Music in Gaming

written by Alastrom

 

Music in gaming has evolved from the early years of 8-bit composures to their current orchestral driven symphonies. “Video Game” music is a difficult category to nail down. Like its counterpart in film and television, it’s simply referred to by the larger medium that it gets packaged with. Unlike film work however, video game musicians still haven’t reached the same level of respect in the music world. Consider the Grammys, Americas foremost musical achievement foundation. At the time of writing they still don’t recognize game composers in their award ceremonies. Why is that? Music may be one of the most important and under-rated elements in our life. We listen in our cars, at work, and when we go shopping. We use music to celebrate events or to feel solidarity with a somber moment. Music literally sets the mood in every case that silence cannot.

 

 

It would be impossible to talk about video game music without first discussing its origins. The very first game to include a continuous background soundtrack was Space Invaders, released in 1978. While it was certainly a far cry from what we have today, the tune had the main hallmark of all music from the 8-bit era, namely that it was unique. Music from this generation of gaming relied on what’s known as “Chiptunes.” The term comes from the sound “chips” found in early gaming systems and in its most basic definition its simply synthesized tones that come together to form music. Due to technical limitations of early games, most titles could only process three tones at a time. Thankfully, three tones are exactly whats needed to play a single chord. For those unfamiliar with musical theory, this basically means that early composers could play a piano using only one finger. Sure, their melodies would be limited but the general idea could be conveyed. This is part of the reason that early music is so simplistic and it may be what caused the industry to lag behind in terms of respect.

 

 

The other major hallmark of gaming music that differentiates it from film is that gaming music is designed to be played on a loop, in most cases. Films last anywhere from an hour and a half to three hours, typically. Music is used there to highlight specific scenes and the idea of having a continuous soundtrack is unheard of, even in the musical genre of films. Game music on the other hand is constant. There’s almost always a background tune playing to keep the player engaged. Consider the older Final Fantasy games. While traveling you have one melody, then another when combat starts, then a variation when a boss fight starts and finally a different melody when you enter a town or region. A game composer can’t predict the players actions so they need to write a piece of music that sets the overall theme to what they expect the player to be doing. This is different from a film composer who knows exactly what experience the audience is going to have before they have it. With the advent of the modern cinematic, the gap is rapidly being closed between the two.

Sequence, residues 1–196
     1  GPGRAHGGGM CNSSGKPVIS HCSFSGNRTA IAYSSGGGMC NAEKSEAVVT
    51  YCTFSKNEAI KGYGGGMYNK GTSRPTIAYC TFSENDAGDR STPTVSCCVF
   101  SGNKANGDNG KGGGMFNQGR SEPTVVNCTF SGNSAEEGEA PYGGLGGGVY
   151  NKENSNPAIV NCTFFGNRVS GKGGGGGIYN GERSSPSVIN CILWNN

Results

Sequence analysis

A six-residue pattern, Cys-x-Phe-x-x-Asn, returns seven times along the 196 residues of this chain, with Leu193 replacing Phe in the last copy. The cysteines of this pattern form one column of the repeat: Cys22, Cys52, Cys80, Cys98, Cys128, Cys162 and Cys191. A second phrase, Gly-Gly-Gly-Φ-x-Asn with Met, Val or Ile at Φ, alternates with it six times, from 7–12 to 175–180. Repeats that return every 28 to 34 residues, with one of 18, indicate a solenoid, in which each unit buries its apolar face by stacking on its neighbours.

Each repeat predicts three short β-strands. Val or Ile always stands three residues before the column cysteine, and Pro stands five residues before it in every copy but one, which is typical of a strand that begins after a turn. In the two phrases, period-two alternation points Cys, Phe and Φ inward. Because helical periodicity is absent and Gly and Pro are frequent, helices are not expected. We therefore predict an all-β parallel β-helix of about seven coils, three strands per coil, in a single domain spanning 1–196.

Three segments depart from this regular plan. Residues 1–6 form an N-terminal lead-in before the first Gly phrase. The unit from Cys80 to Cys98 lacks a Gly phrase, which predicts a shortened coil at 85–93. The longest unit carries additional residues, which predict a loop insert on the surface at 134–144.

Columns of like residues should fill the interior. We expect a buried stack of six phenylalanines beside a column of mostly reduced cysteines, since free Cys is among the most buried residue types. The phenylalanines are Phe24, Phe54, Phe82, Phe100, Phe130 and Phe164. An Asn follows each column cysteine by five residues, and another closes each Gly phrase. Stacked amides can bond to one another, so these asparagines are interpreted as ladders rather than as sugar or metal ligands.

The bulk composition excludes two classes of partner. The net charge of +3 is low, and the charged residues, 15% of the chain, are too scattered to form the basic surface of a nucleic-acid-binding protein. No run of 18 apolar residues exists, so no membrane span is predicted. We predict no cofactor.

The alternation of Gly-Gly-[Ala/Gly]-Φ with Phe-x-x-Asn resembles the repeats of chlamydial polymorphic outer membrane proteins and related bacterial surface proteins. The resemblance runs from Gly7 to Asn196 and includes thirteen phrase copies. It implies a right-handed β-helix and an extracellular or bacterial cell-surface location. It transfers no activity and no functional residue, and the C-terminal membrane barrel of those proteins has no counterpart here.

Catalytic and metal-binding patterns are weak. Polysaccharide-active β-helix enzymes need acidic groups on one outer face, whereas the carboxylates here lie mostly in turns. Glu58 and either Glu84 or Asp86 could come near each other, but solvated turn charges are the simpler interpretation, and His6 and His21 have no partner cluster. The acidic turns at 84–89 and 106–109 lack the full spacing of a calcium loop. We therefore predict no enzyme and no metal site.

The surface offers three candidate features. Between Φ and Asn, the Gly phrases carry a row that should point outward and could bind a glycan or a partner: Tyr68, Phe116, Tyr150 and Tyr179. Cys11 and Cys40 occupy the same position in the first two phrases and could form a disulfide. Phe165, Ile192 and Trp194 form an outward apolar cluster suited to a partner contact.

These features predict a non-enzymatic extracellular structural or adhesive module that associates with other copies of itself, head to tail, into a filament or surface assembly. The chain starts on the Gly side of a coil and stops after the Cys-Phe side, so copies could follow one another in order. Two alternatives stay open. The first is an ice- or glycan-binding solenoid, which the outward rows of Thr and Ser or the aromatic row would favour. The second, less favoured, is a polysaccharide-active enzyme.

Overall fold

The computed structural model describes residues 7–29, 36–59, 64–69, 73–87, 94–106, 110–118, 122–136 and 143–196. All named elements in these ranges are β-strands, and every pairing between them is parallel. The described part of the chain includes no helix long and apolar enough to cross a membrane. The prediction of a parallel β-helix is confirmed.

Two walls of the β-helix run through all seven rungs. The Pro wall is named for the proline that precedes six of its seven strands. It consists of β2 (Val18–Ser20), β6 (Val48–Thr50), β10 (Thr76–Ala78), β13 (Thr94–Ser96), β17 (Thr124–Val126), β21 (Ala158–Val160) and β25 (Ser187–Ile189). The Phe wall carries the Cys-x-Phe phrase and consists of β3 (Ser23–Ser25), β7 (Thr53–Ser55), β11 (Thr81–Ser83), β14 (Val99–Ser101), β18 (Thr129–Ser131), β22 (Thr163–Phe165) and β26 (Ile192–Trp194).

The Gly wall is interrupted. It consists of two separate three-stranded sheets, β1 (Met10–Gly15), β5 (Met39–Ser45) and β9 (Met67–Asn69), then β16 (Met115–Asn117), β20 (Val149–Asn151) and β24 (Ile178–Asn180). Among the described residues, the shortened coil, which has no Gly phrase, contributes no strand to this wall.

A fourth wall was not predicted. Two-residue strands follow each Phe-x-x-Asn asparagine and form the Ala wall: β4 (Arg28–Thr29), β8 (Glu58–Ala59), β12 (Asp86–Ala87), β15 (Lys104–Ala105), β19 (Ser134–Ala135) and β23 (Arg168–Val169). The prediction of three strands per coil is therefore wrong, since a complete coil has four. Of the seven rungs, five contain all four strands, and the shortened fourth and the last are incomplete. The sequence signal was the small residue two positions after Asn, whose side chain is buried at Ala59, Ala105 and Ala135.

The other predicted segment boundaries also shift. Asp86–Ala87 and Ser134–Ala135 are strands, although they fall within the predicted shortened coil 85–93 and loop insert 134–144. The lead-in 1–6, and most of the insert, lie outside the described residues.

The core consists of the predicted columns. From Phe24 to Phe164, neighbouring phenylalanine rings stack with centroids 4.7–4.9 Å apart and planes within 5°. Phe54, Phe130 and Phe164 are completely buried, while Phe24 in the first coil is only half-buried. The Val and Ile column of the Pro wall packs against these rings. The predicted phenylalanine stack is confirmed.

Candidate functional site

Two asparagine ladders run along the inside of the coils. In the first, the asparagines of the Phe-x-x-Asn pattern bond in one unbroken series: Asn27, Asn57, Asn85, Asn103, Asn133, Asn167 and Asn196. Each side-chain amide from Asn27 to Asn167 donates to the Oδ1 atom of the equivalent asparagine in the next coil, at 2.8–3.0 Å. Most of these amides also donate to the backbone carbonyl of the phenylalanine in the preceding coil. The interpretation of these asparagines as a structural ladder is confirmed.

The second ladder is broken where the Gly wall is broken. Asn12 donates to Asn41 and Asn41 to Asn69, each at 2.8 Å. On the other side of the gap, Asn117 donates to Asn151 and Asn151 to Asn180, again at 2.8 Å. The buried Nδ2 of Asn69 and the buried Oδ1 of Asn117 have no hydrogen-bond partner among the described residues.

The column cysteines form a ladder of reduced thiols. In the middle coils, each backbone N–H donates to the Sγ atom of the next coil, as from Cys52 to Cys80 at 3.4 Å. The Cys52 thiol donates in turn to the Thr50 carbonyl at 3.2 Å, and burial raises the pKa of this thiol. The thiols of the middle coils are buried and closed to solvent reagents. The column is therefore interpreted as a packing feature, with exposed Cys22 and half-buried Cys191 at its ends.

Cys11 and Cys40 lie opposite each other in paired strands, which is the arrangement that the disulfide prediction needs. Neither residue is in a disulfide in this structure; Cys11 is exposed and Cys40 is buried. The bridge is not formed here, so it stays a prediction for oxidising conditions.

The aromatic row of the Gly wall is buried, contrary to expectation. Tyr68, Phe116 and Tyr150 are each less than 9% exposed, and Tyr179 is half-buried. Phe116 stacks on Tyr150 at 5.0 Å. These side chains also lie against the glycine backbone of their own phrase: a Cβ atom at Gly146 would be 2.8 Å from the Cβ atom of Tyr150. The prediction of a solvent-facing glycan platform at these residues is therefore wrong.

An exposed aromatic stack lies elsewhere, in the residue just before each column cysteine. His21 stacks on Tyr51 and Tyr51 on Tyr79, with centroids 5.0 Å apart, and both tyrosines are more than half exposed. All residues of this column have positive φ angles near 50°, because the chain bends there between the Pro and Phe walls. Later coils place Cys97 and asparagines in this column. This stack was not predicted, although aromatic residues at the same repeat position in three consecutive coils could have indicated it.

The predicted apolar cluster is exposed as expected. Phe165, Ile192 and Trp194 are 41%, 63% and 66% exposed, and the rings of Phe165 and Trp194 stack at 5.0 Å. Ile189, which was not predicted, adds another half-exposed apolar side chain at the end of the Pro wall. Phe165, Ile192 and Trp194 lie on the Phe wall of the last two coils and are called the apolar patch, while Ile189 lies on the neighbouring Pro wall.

A good soundtrack can make the experience, just as a bad soundtrack can break one. By this point I should make clear my biases. I’m in love with the work of various game composers such as Nobuo Uematsu, Jeremy Soule, Koji Kando, Martin O’Donnell and Geoff Zanelli, just to name a few. I’ve often wondered if the experiences I’ve had in gaming has heightened my enjoyment of the music or if the music has done that for the game. Certainly, a piece can’t have all of the emotional connection to a person who hasn’t experienced it first hand. For example, if you’ve played the “Mass Effect” series you might react differently to the tune “Leaving Earth” than someone who hasn’t. The person who is unfamiliar with the corresponding events that surround that music will understand that it’s a somber tune and they may feel that emotion but that same feeling will be multiplied tenfold by someone who (spoilers) has watched the main character flee his home while it gets destroyed by an alien force. There’s something magical about the connection between music and event. It’s part of the reason why we relate to music differently and perhaps it’s part of the reason that the mainstream doesn’t accept gaming music in their medium.

 

 

Sadly, games are still seen as the realm of children’s entertainment. While it’s hard to argue that the industry hasn’t grown phenomenally, it still doesn’t hold the gravitas and respect that film and television do. I believe this is entirely a personality problem and I doubt it’ll ever be corrected. It goes back to the age old argument; “Are Video games art.” That’s a debate that’ll continue to rage for some time to come but I can say for certain that video game music should be included in that realm. Game composers are building portals to other worlds and directing our emotional journey through them. The rest of the industry may fail to see it and it may be years before they are truly recognized for their work. Maybe that’s not an issue for most people but I’m of the opinion that true masterful artwork enhances our culture and I believe that music is the highlight of our civilization.

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